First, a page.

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Contented or happy?

6 replies

PrettyCandles · 21/05/2008 21:23

What's the difference?

Can you have one without the other?

Are you either? Or both?

OP posts:
SenoraPostrophe · 21/05/2008 21:28

I think generally people use "contented" when they mean slightly less happy tha "happy" - happy people smile, contented people may not.

Also, contented is generally a long term thing, where happy can be brief - you can say "was was happy 5 minutes ago", but I'm not sure you can say "I was contented 5 minutes ago".

so yes, I guess yiou can be one without the other. You can be briefly happy without being contented, and you can be contented without ever really being happy (although that would be quite rare).

there could be regional differences though - can you always use each word interchangeably?

PrettyCandles · 21/05/2008 21:32

I agree that you can be happy without being contented, and that happiness can be much more transient than contentedness, but I'm not sure that you can be content without being happy. Surely that would be a state of acceptance, rather than contentment?

OP posts:
Sanguine · 21/05/2008 22:44

My dh is the expert on this one. But he has just explained to me that happy actually means fortunate or lucky ("hap" in the same sense occurs in happenstance, mayhap and perhaps). It has come to mean more or less the same as content, with a slight difference in meaning as the others have said. The feeling of the two words is different, as often occurs in the english language when two words with the same meaning come from different roots. Words that have latin origins tend to be used in a more formal or slightly more diffident sense. Words that are from old english have a warmer, more emotive feel. Examples are infant/child, fortunate/happy, frequent/often.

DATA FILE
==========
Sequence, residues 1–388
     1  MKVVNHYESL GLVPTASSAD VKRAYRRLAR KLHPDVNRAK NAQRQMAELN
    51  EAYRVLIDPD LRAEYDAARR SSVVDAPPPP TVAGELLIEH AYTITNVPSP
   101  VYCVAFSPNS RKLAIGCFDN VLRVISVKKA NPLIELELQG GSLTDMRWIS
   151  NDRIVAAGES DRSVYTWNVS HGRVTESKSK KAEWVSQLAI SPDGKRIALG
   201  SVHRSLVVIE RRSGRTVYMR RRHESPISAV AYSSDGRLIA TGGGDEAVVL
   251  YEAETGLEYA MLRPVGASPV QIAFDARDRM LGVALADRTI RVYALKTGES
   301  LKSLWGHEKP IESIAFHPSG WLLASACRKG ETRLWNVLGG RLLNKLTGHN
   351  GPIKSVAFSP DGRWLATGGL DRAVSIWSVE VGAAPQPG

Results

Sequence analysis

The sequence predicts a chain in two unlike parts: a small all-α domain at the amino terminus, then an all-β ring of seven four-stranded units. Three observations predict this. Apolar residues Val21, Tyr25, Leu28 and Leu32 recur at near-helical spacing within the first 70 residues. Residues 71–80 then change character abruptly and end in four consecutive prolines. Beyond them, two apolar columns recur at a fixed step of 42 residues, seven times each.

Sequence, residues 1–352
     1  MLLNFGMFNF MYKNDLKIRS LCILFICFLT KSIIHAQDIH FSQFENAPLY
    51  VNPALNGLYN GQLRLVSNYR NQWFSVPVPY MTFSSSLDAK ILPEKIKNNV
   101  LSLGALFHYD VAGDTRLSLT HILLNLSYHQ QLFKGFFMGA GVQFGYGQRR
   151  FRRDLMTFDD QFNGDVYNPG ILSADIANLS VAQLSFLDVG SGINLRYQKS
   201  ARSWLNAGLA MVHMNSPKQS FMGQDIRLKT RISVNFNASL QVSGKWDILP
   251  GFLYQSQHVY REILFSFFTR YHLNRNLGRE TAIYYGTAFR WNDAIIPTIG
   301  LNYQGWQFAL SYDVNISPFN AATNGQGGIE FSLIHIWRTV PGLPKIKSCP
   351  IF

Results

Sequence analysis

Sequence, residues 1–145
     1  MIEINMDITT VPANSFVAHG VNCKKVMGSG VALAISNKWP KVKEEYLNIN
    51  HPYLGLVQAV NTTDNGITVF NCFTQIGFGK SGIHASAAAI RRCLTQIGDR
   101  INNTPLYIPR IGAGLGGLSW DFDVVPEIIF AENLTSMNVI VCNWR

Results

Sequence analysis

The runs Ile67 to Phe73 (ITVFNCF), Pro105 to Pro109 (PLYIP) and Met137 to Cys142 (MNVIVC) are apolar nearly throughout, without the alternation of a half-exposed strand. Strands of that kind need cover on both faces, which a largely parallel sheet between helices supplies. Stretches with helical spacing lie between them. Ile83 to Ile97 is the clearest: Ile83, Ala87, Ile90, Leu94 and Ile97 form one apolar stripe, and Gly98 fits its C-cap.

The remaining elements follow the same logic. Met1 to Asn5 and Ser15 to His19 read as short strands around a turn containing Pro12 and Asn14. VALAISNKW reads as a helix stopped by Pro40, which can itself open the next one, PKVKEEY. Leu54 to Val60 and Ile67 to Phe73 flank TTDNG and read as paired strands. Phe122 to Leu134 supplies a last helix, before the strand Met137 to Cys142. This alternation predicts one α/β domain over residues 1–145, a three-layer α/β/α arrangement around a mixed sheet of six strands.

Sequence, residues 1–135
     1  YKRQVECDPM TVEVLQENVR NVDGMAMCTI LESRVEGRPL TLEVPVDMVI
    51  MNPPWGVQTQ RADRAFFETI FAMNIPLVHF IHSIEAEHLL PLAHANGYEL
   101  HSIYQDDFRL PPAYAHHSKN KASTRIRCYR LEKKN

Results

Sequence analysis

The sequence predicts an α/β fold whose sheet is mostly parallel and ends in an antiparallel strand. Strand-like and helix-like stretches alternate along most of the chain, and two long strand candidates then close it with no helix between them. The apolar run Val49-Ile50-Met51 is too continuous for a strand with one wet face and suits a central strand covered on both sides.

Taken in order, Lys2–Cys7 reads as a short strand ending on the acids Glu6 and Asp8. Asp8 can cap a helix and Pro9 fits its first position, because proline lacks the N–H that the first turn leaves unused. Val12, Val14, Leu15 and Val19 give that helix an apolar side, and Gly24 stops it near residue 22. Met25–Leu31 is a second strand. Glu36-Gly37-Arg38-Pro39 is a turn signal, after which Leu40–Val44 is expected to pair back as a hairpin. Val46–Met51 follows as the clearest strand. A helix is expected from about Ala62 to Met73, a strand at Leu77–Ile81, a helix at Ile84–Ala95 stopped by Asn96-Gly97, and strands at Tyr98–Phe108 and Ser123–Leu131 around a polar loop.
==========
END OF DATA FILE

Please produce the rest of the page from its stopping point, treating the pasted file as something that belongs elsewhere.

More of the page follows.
DH has literature PhD and he always prefers the old english option. Being a scientist, I tend towards latinate words, and it drives him mad.

I find the whole thing quite fascinating.

asicsgirl · 22/05/2008 08:35

eve clark is very good on this sanguine. 'principle of contrast' = languages/ language users assume that no two words mean exactly the same thing. so words that come from 2 different origins come over time to have slightly different meanings, e.g. 'fox' and 'vixen' used to both mean 'fox'. languages abhor absolute synonyms!!

as for the op: as basil fawlty said, "ah, yes, happiness. i remember that."

asicsgirl · 22/05/2008 08:39

sorry link doesn't work! try this one

also fawlty quote wrong should be "happy. i remember that"

sorry! been up all night bf-ing is my excuse

asicsgirl · 22/05/2008 08:40

i know!! quotation, not quote

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